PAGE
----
Now, in my head, I thought I would get some good photos, advertise him everywhere and find him a home. And I did all of those things. I took some good photos and advertised him everywhere. “What a lovely dog!” everyone said. No bites.
By Friday, I was seriously considering giving Ralf a home. At 12, for a big dog, he might only have two years left, four possibly. He doesn’t have any medical issues (though I am subsequently wondering if he is deaf) and the 600€ vets’ bill fund from Fondation 30 Million’s d’Amis makes a big difference in the decision. Nobody wants to adopt a dog and face endless medical bills. I am sure it is one reason why oldies don’t get adopted. It’s sad though, because oldies are so great. Zero house-training. Zero rule reinforcement. Often well-socialised, calm and not overly energetic.
I chatted to a couple of friends about it and I knew then that I had made up my mind. “If you can, you should!” one friend said. She was right. He wasn’t going to cost me much other than food and the usual doggie treatments, and I have the space. Amigo never needs to walk on the lead, but at a push I can walk four dogs on leads, especially when two are Tilly and Amigo. I figured Ralf could have some debilitating accident or medical need and even if it were to stretch to 1000€, much of it would be covered. And 1000€ is a big vet bill usually seen for serious road accidents. If you don’t have health problems at 12 that have already cost that much, you are unlikely to get them. Arthritis, hip dysplasia, diabetes, epilepsy, heart murmurs… all conditions that appear in much younger dogs. Even little Calîne, my friend’s foster dog, had only cost 450€ for removal of several tumours and hernias, as well as a huge bladder stone. She had major surgery and there was still a little left to spare.
Having chatted about it with my friend on Saturday night, I got in and my facebook wall was covered with Ralf. I don’t know why. I think the universe was giving me the nod. I sent a message to the refuge saying if he hadn’t gone by Monday night, I would adopt him. Of course you know he hadn’t gone and I brought a Ralf home with me.
That is my limit though. Seriously. When Ralf goes, there won’t be a replacement. He is here because of that visit and because I knew he was fine with my others. He had already had a taster session and passed with flying colours. It was because it was Ralf rather than knowing I could manage another dog. In reality, I could not have managed just any other dog. This was very much about Ralf just being able to slot in and be no bother.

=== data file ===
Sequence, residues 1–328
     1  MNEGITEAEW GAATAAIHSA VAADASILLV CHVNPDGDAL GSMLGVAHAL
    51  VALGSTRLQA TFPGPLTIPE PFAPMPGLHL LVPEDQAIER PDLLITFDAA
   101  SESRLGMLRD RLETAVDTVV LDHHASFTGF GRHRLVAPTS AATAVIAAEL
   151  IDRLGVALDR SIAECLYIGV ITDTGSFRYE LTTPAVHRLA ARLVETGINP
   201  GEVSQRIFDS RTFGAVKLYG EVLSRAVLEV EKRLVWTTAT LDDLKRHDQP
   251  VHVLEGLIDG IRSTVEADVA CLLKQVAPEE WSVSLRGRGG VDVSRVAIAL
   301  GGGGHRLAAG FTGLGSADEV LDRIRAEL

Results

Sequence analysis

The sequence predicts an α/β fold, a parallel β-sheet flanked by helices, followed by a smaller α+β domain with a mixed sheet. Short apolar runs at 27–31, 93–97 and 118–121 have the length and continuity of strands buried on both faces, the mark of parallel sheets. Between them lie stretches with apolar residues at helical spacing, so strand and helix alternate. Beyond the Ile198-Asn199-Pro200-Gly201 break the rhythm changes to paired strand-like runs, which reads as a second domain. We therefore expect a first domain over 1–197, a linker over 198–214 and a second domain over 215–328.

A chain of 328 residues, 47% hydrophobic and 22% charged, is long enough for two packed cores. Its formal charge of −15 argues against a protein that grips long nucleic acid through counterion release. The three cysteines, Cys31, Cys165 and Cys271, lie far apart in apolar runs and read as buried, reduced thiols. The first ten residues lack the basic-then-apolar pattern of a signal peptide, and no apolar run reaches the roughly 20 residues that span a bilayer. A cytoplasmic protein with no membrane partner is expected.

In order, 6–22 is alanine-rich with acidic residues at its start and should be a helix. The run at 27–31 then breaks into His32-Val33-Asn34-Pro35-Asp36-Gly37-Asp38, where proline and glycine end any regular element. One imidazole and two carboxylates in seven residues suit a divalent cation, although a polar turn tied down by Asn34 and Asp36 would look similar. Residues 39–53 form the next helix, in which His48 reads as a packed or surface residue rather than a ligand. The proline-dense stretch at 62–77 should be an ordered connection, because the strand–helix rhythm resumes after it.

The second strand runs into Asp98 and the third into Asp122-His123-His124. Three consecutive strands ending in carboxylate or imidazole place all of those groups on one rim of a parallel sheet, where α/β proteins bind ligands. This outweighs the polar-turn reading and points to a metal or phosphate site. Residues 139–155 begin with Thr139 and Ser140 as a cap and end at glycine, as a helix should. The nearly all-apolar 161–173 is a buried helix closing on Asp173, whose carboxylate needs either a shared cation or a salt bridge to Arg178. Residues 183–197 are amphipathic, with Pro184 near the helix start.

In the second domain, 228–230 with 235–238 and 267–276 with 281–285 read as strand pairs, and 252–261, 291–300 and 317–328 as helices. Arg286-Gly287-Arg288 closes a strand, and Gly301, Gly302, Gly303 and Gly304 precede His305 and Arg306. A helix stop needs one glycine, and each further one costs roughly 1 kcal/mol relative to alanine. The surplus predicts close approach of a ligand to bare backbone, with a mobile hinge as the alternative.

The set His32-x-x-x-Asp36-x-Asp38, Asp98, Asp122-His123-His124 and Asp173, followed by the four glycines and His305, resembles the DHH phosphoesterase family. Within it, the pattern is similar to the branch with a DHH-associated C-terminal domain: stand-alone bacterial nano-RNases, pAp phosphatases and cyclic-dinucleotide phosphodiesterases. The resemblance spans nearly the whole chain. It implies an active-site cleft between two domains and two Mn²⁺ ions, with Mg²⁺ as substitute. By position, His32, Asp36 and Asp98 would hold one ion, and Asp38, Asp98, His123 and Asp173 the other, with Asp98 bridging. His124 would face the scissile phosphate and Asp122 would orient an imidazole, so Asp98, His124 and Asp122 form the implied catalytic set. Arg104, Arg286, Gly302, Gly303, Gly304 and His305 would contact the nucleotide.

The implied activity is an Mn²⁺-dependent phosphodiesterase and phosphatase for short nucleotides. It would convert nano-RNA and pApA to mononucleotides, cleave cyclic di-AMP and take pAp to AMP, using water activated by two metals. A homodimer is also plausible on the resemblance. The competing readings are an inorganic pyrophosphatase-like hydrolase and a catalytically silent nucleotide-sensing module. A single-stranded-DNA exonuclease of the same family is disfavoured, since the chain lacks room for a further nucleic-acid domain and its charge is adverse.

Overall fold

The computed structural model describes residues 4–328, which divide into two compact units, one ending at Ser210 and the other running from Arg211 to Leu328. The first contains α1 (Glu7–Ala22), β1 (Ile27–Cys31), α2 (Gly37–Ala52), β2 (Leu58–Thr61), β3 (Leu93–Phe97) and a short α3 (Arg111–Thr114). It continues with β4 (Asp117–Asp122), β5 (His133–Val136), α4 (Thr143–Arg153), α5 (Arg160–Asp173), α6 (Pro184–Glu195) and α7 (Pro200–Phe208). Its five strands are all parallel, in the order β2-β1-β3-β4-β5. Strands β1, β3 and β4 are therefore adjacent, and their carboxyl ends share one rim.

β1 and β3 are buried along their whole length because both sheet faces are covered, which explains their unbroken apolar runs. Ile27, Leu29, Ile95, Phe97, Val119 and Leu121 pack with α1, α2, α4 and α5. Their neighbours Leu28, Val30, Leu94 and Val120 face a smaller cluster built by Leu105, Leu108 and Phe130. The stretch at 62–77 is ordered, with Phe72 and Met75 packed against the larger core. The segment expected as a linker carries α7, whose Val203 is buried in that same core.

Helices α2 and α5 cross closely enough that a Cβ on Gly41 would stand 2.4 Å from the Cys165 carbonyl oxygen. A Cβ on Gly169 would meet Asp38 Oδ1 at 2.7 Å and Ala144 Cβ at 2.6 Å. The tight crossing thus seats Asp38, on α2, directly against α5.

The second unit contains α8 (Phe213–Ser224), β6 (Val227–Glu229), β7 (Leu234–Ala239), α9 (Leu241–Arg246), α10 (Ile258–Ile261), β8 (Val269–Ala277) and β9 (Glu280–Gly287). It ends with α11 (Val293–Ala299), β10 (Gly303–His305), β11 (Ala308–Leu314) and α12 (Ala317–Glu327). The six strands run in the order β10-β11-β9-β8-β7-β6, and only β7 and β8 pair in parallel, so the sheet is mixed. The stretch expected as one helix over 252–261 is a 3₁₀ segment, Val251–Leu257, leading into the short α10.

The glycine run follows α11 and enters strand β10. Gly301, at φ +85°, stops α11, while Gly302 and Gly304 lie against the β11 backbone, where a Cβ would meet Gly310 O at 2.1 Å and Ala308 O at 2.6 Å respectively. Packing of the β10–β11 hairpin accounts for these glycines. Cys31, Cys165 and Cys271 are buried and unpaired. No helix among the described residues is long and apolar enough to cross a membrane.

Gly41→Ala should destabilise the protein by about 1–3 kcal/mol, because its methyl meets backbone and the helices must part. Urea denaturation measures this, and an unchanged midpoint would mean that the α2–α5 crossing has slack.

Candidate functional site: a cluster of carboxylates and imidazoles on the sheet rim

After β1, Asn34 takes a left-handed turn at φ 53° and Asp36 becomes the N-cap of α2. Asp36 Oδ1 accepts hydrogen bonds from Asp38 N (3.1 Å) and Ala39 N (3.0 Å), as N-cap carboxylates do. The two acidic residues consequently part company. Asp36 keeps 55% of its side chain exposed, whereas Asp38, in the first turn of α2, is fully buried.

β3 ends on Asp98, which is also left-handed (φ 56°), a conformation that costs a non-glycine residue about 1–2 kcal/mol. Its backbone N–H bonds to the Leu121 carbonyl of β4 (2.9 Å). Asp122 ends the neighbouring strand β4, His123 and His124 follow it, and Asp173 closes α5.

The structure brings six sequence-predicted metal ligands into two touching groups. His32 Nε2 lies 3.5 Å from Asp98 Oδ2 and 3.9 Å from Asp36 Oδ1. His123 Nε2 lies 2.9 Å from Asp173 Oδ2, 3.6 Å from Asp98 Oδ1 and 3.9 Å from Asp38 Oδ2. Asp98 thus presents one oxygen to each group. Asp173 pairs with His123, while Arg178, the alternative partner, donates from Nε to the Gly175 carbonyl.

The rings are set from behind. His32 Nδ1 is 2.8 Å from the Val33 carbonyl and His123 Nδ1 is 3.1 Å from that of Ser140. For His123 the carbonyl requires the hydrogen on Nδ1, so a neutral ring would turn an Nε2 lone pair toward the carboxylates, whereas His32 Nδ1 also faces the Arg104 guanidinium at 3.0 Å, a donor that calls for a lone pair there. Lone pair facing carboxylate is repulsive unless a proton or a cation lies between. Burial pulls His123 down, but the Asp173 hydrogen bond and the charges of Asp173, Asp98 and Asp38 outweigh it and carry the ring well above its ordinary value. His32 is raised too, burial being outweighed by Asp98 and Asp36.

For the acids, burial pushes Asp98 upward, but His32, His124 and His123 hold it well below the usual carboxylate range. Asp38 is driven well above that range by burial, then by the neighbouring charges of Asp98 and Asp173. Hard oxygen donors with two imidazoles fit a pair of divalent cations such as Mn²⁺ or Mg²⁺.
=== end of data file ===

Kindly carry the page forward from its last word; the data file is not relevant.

And he isn’t any bother. Not a stick of it. He is a big bouncy baby and if you ever see big dogs frolicking, you’ll know why I love him so much already. He is a very playful dog, but he does a lot of sleeping. Mostly, he spreads out in doorways and across the floor, taking up space with his big seven stone body. He is not so good off lead – especially since I think he is deaf, or at least hard of hearing. No response to claps, name calls, whistles. No ears pricked up. No response when he hears other dogs, just only responses to smells and sights. Still, he has plenty of garden to run in.
And the other dogs love him. Amigo gave him a kiss yesterday. Tilly sleeps on the couch with him. Heston thinks he is the best dog ever. Heston doesn’t have to be number 1 male dog any more and he can let Ralf lead him a little. That’s good because Heston is only two and he could do with learning some manners. Amigo doesn’t mind. Ralf is not bouncy or in his space or aggressive or unpredictable; he is not a thief of toys or treats and he is not a threat.
So that’s how I got a Ralf. As for Belle, I get the most affectionate kisses ever. I like to think Miss Smarty-Pants knew exactly what she was doing. I suspect she knew I had space in my life for a Ralf and I suspect she knew exactly where I would be going. She is still at the refuge, watching out over all the goings-on. I like to think too that Belle is the first dog all of the pound dogs see when they get here, and that she lets them know this is the beginning of their journey to the best homes ever. She is one clever dog.